The start of last week was all about crude oil, geopolitical issues in the Middle East, and the usual ups and downs of the energy markets. We kept an eye on what levels crude oil prices reached or fell to, adjusting LPG prices accordingly, but it was easy to get sucked-in to the big picture, and maybe not get the LPG portion into a proper perspective.
Wow, it does feel as if it’s been a very long week, the drone attack in Saudi Arabia probably caught you and me napping at the weekend, then crude went up on Monday, crude went down on Tuesday, I’ve had a really enjoyable trip to Stavanger in Norway, which included a lovely dinner in a huge converted tomato greenhouse miles away from anywhere, and was owned by a lady that probably spoke for longer than I did during my afternoon presentation…well not quite, and
It’s been a long time since I’ve seen something rather unusual start to occur, especially as far as the direction of trade is concerned for LPG cargoes. I’m intrigued with what appears to be a new phenomenon emerging from the east coast of the U.S., but it doesn’t stop there. In fact, it appears to be the catalyst for a chain of events, that we might end up see happening on a regular basis.
As the geo-political world enters that post incident period of claim and counter claim, the markets are trying to gauge what this means for numbers, the direction is clearly up. But there seems to be discomfort or even distress, trying to work out how far prices could move up, and how long this will all last, not just until we get to know the true extent of the damage, but also how long it’s going to take to repair.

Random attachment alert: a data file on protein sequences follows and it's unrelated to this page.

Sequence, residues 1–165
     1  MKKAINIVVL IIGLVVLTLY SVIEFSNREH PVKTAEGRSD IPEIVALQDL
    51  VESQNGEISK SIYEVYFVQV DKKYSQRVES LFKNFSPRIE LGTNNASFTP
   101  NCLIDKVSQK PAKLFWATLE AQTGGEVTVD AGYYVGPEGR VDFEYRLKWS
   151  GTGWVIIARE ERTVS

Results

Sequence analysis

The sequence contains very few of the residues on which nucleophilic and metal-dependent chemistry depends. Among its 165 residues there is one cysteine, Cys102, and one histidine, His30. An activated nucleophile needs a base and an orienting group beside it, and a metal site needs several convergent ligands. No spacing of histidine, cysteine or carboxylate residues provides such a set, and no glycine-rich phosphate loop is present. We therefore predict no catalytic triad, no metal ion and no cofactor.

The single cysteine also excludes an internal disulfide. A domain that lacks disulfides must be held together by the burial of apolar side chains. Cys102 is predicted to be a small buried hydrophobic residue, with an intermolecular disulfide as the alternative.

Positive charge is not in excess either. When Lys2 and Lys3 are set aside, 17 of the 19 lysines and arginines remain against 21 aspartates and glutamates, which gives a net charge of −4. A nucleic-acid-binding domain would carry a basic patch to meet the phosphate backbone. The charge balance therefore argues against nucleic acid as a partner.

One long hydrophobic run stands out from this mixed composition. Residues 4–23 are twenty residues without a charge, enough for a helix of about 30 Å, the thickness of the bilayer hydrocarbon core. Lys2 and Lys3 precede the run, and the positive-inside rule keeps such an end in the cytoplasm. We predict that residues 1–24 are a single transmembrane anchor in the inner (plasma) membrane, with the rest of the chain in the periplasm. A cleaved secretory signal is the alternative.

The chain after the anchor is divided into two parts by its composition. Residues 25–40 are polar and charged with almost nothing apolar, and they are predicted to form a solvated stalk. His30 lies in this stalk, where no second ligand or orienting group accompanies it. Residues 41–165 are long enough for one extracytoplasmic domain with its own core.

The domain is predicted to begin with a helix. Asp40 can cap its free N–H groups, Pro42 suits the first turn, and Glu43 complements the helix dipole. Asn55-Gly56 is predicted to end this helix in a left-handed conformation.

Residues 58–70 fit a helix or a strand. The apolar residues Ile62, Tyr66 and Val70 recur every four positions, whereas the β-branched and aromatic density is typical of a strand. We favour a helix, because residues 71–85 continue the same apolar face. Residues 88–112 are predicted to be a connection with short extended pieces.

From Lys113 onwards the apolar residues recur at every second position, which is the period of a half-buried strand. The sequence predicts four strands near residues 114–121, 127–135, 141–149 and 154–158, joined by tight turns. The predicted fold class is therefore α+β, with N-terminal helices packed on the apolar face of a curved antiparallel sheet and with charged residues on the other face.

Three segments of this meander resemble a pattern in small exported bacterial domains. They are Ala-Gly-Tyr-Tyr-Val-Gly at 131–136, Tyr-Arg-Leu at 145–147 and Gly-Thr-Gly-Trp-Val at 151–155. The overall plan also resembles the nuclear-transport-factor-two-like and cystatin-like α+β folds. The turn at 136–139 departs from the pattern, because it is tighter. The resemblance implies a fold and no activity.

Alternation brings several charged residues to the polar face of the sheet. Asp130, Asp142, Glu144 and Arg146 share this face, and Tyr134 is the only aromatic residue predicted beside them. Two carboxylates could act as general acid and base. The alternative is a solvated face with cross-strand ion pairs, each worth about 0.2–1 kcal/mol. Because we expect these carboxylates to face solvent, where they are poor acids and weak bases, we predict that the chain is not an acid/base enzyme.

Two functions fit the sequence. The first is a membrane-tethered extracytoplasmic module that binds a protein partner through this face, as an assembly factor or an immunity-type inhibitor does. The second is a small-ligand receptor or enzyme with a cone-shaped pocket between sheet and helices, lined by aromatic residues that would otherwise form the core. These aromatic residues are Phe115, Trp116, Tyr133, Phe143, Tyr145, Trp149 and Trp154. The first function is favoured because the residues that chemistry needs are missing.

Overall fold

The power struggle in the Middle East may well have taken a new and more immediate twist, potentially sending huge shockwaves through the oil markets once the weekend is over and electronic trading commences Sunday evening. As a result, the whole international LPG complex faces a major jolt, not only on the back of any spike in crude oil pricing but also potentially as a result of production cutbacks in Saudi Arabia.
In the last 10 years imports have jumped from 2.5 million Mt to over 12 million Mt today, but the early imports were in smaller cargo sizes as the import terminals were pretty spread around the country’s coastline, near to major cities, with a slant to the west coast given its proximity to Middle East supplies.
With a population growing so quickly, and the prospects for real growth in disposable incomes, generated by stronger Gross Domestic Product (GDP) numbers, LPG demand looks sure to follow. Both the World Bank and the IMF are forecasting over 7% growth this year and next, and even with some impact from world trade issues, the lowest number I’ve seen recently is a 6.7% growth rate.
I struggle sometimes when it comes to the Indian LPG market, especially explaining its true impact on the international seaborne trade. I think it mainly comes from spending far too long away from the LPG industry, just as India was starting to thrive, and then coming back to trading models geared predominantly to U.S. exports and FEI pricing, neither with any focus on India.
There’s been a feeling of calm in the shipping market in recent weeks, with ship-owners in a relatively ebullient mood for once, rates holding from the U.S. to Chiba in the low $100s/ Mt, and despite a few trials and tribulations, Ras Tanura to Chiba, since reaching its peak of $80/ Mt in late June this year, is still comfortably sparring with the $60/Mt levels.